Like almost all 2020 festivals, Afro Nation Portugal was cancelled this year because of coronavirus – but unlike many others, it didn’t offer refunds.
Instead, tickets are valid for 2021, when it is hoped festivals will return.
But this has provoked an angry response from some ticket holders, also affected by coronavirus and in lockdown, who want their money back.
Harriet Sebastian, a 21-year-old YouTuber from Barking, is desperate for a refund.
‘I’ll fight for that refund’
Harriet’s ticket for the festival cost £216, and she paid even more for flights and hotel accommodation.
Afro Nation announced its plans to postpone until 2021 on 11 May.
Harriet tells BBC Radio 4’s Money Box programme she’s “absolutely frustrated” by Afro Nation’s policy and that the money from her refund would her help her current financial situation.
“The majority of us aren’t working because of the pandemic so anything will help,” she says.
“If all the people who are frustrated about this decision get together and complain then it will go somewhere”.
But will it?
In a statement, the festival’s organiser said that they “will not be issuing refunds for Afro Nation 2020”, because of Portuguese emergency law DL 10I/2020.
This law, which was passed by the Portuguese government in March 2020, allows festival organisers to reschedule events without issuing refunds.
But Afro Nation is a UK registered company and therefore shouldn’t be subject to Portuguese law.
The licensed promoter of Afro Nation Portugal is a company called known as MOT-Braver.
MOT-Braver is registered and based in Portugal, and any events it produces – including Afro Nation – are subject to Portuguese law
Contradictions in Terms & Conditions?
Most people don’t read terms and conditions when purchasing a ticket, but Afro Nation’s no-refund policy has prompted several posts on social media about what’s written in its small print.
On the Afro Nation website, Ticket Arena is listed as one of the main ticket sellers for the festival.
In Ticket Arena’s terms and conditions, which they state are “governed by English law”, Ticket Arena writes that: “If an event is cancelled we will refund you the full face value”
This gives the impression that if the event is cancelled ticket holders are entitled to a refund, right?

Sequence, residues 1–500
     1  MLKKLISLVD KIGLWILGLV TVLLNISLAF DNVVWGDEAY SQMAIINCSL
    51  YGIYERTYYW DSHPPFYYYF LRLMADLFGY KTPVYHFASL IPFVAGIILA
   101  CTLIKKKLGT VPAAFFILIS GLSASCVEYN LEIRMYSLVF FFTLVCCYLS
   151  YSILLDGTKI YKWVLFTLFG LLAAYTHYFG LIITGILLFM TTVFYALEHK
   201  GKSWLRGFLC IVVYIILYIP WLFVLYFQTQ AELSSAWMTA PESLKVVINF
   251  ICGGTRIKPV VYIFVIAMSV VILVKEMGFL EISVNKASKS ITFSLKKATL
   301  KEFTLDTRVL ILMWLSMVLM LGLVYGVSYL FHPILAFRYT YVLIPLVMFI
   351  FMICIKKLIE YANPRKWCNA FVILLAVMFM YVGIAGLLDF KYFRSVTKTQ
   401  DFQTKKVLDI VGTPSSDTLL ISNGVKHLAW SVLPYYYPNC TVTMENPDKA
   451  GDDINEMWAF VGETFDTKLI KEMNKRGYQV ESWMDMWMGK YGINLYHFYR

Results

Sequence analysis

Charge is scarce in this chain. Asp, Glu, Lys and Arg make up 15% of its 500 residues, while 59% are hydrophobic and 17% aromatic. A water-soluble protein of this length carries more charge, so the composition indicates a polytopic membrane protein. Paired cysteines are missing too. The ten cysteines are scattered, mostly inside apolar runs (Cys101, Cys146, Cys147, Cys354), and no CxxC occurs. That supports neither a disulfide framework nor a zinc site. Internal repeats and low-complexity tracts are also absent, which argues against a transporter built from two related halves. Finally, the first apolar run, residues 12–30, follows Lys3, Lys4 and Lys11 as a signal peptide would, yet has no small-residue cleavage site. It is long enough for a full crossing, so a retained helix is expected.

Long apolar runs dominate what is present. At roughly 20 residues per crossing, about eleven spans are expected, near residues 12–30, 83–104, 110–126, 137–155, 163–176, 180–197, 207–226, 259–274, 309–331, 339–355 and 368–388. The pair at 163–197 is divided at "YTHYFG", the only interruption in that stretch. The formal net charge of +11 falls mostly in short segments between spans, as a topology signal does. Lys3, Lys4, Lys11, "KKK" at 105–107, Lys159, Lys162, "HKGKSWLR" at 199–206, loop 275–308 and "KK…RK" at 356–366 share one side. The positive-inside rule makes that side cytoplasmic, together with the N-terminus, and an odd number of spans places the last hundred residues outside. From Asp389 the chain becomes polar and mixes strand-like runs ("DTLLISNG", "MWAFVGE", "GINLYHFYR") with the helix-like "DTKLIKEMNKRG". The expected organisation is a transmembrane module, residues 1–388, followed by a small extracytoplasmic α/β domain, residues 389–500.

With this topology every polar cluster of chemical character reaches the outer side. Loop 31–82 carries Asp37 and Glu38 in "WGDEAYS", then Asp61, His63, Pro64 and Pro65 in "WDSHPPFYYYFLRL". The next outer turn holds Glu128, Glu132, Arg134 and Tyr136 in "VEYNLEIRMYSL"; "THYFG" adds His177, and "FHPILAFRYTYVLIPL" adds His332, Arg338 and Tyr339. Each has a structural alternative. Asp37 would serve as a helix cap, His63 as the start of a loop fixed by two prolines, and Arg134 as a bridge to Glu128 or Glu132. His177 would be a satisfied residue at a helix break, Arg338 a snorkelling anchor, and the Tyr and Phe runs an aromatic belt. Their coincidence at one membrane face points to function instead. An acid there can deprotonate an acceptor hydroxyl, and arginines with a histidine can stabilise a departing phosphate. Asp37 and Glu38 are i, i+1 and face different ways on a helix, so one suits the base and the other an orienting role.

Sadly not. There’s another clause in Ticket Arena’s own terms and conditions that the decision to issue refunds ultimately comes down to the events promoter – and that’s MOT-Braver.
So what Afro Nation is doing is technically still legal by Portuguese law, which is what it operates under.
‘Not authorised to refund’
“Promoter” is mentioned twelve times in Ticket Arena’s terms and conditions, but MOT-Braver and its terms are not. Although not clearly stated, agreeing to Afro Nation’s terms also means agreeing to MOT-Braver’s terms.
But there is a UK law, under the Consumer Rights Act 2020, that says terms should be transparent, simple to understand and should take into account a “consumer’s legitimate interests”.
Gary Rycroft, partner at Joseph A. Jones solicitors, tells the BBC that “knowing who the promoter actually is, is within the consumer’s legitimate interests.”
“It could be argued that Ticket Arena’s terms are misleading and unfair because they don’t disclose who the promoter of the festival is or their terms.”
Ticket Arena is also a member of Star (Society of ticket agents and retailers), a self-regulatory body for UK ticket vendors.
The Star code of practice says its members must make sure customers are “openly told of all the terms and conditions that apply to customers”.
Despite these rules, Ticket Arena does not make customers aware of the terms and conditions of the promoter for the Afro Nation Portugal festival.
“The promoter has not authorised ticket agents to give refunds,” it tells the BBC in a statement, adding it is “as disappointed as our customers with the current situation but we are actually doing what we can to help”.
So, can you get your money back?
All tickets for Afro Nation Portugal have been automatically transferred to 2021, and there is currently no option for a refund
Ticket holders who want their money back can get it back through the Small Claims Court. You will need to provide a statement laying out what you are claiming for, the amount owed and why you are making a claim.
You can hear more on BBC Radio 4’s Money Box programme by listening here.